The Moon is an easy target for event the cheapest of small telescopes. Even binoculars can show a casual stargazer the more prominent features that populate the lunar landscape.
With those parameters in mind, I'm going to highlight some of the major features that are easily discernible if you know where to look and what to look for. During the monthly lunar cycle an observer can watch the sunlit portion of the Moon wax (get bigger) and wane (get smaller). I don't want to overwhelm you if you're just a budding amateur astronomer, so I've restricted this observing session to the first quarter Moon, technically a waxing phase that can be observed during the early evening hours after sunset.
The accompanying first quarter Moon map has my selection of features labeled which I will now highlight.
The map is oriented north/south, top/bottom, the way the Moon appears to the naked eye. Your telescope may invert the image, or may shift it right to left. If this is the case, you'll have to mentally allow for these ifferences when referencing the map. When binoculars are used, the Moon's image will be as the eye sees it in the sky. Though manned and unmanned missions to the Moon have unveiled its secrets, one can relax in the backyard and explore the Moon. For the beginning observer, as well as the seasoned amateur astronomer, the Moon is quite an exciting world to discover with binoculars or telescope.
Though the Moon reaches first quarter on September 22, you may begin observing it anytime after new moon on the 15th. If you get a chance to observe each night, you'll see new features emerge from lunar night into sunlight. This sunrise point, called the terminator, is a wonderful area to train your telescope or binoculars. Much detail can be seen here because the sun is low on the lunar horizon, thereby casting exceedingly long shadows. As the sun rises higher into the lunar sky, you'll see the same features "change" their appearance. You'll see what I mean when you observe the phenomena firsthand.
We will begin our exploration of the first quarter Moon with the six seas that can be seen best during this lunar phase. Lunar seas are not seas as we know them on the Earth, though early astronomers thought they were bodies of water. Rather, they are seas of solidified lava.
When huge meteors struck the lunar surface billions of years ago, lava welled up through the resultant craters and flowed out onto the low plains. These "maria," or seas, are the smooth plains we can easily view with the naked eye. Since lunar seas formed after the heavy bombardment of cosmic debris, the sea floors are marred only by a small number of craters. This will be quite evident in binoculars and telescopes.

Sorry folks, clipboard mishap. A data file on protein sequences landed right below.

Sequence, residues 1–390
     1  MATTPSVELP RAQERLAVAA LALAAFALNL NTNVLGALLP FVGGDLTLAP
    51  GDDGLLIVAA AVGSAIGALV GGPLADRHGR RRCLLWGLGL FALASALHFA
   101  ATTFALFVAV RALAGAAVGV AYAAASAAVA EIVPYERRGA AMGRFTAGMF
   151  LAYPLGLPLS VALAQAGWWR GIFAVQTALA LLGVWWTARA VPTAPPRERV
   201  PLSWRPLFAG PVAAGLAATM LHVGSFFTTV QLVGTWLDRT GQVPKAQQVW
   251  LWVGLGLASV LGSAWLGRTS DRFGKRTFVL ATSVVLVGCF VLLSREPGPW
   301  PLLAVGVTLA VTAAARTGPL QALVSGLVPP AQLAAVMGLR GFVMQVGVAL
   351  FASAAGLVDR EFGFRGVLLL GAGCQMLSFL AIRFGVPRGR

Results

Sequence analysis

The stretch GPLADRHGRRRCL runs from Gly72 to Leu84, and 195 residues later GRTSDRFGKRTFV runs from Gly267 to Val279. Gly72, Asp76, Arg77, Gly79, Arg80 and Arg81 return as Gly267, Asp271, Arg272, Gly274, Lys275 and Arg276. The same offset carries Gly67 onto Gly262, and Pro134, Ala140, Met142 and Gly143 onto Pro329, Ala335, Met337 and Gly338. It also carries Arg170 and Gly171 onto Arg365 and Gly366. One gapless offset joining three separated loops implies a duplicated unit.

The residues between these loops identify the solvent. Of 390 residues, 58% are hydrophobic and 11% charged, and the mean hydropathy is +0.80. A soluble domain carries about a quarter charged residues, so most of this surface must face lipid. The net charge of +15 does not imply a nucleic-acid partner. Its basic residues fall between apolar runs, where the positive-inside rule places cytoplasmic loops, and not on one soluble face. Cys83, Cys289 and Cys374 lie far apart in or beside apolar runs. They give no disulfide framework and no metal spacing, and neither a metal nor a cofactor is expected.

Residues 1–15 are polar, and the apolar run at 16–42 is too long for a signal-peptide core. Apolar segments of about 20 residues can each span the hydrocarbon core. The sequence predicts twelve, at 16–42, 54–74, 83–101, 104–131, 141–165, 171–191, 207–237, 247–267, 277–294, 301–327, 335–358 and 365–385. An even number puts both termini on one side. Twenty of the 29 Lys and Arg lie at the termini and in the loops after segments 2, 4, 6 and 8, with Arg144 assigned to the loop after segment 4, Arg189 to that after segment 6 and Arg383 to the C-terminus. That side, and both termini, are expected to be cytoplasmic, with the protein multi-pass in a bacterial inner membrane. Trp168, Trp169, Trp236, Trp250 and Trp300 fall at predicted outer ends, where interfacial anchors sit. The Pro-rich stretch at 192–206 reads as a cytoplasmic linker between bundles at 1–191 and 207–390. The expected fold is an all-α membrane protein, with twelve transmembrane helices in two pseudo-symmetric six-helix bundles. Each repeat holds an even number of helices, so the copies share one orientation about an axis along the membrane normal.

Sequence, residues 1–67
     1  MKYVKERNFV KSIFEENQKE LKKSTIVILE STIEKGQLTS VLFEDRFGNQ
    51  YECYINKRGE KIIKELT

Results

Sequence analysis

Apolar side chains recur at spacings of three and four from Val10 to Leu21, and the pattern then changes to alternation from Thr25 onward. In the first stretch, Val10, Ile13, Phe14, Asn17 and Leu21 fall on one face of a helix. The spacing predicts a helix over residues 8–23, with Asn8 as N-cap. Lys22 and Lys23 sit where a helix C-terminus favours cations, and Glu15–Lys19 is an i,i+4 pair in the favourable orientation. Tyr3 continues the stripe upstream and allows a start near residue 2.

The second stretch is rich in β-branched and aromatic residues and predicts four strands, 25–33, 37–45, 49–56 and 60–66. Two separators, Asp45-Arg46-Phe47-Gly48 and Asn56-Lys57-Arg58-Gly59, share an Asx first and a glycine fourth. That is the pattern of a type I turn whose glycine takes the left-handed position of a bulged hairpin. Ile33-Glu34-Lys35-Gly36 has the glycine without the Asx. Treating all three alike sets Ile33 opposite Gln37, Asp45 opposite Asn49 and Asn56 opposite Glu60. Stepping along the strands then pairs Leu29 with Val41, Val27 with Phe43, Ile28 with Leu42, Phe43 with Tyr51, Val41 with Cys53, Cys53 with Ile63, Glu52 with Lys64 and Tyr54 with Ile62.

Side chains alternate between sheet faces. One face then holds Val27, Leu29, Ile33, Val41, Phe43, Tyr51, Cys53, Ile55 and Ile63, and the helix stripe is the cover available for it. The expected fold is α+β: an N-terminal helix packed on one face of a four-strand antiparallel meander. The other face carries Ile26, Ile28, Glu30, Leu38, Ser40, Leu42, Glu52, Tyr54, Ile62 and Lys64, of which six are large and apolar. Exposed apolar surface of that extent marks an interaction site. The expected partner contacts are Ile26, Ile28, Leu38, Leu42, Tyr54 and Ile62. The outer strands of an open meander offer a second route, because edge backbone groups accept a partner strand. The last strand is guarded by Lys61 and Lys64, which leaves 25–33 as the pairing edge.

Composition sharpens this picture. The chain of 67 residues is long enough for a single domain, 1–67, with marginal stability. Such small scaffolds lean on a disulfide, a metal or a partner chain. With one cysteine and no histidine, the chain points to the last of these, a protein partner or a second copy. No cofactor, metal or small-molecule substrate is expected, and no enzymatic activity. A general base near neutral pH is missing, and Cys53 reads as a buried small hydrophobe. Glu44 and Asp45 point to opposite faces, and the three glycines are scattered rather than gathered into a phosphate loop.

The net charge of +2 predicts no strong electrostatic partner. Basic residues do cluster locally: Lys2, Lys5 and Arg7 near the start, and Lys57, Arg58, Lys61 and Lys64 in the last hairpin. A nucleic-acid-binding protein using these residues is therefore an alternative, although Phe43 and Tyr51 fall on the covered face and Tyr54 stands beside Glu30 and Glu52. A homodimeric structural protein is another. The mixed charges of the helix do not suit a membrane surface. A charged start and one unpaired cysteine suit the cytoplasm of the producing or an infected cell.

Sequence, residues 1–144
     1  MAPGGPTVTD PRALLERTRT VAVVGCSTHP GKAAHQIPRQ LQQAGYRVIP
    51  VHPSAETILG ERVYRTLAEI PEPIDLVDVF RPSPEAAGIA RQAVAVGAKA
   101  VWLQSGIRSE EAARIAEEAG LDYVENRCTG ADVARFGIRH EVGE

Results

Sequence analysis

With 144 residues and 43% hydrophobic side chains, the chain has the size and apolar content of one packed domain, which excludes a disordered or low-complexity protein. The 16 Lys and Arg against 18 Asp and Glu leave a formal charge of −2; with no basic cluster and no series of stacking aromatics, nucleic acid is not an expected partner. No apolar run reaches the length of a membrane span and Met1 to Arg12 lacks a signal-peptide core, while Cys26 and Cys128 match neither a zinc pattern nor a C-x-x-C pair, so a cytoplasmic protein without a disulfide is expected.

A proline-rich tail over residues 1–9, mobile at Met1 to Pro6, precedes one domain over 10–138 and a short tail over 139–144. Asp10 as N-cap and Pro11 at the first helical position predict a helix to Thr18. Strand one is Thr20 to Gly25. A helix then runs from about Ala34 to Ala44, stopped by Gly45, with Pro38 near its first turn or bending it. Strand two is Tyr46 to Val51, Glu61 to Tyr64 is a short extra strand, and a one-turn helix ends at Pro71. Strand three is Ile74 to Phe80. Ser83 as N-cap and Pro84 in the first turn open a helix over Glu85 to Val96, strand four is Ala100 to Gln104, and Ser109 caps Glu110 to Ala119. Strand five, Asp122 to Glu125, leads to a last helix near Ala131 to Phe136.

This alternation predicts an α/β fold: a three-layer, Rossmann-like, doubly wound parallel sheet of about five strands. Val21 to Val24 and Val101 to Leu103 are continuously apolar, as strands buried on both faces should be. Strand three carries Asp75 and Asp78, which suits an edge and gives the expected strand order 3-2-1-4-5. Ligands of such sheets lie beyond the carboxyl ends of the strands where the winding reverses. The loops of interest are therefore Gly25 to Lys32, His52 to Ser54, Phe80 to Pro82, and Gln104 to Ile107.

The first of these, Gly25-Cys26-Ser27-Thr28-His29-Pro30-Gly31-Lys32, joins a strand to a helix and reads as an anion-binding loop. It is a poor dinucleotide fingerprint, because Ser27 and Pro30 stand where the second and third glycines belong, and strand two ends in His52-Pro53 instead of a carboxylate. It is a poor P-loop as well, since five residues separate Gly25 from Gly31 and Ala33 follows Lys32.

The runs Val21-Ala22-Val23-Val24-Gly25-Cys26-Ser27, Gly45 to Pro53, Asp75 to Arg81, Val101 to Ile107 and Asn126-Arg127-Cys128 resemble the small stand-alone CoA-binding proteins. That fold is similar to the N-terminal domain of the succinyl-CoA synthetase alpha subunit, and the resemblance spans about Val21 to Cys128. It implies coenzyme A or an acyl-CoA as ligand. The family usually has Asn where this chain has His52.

Six major seas can be seen at first quarter. Start your observations at the northern (top) portion of the Moon. You will see (A) Mare Frigoris, Sea of Cold; (B) Mare Serentatis, Sea of Serenity; (C) Mare Tranquillitatis, Sea of Tranquillity; (D) Mare Nectaris, Sea of Nectar; (E) Mare Crisium, Sea of Crises; and (F) MareFoecunditatis, the Sea of Fertility. The names applied to these features indicate that early astronomers had quite a different landscape in mind for our desolate neighbor.
Next we'll examine some prominent craters that can be seen at first quarter. Just south of the Sea of Cold (A) is the crater Aristoteles (G). It is 55-miles in diameter and about 12,000-feet deep. On the crater floor are two central peaks that should be easy to spot with a small telescope. Notice the massive crater walls -- they remind me of the terraced farmlands of China. To the east (right) of Aristoteles is a close pair of interesting craters, Hercules (H) and Atlas (I). Hercules is 45-miles in diameter and 12,500-feet deep, whereas Atlas is 54-miles in diameter and 10,000-feet deep. Both have very steeply terraced walls and are well preserved ---- they have not been obliterated by later impacts. Hercules has a small crater on its floor just south of its center. Atlas also has many interesting features on its floor, including a crisscrossing of six rilles or clefts, which were caused by the collapsing of material below. (It looks similar to earthquake faults or sinkholes.) So much detail is visible in this region that you could easily spend an entire evening observing Hercules and Atlas. However, this is just an introduction to lunar observing. Additional craters merit more than a casual glance as well.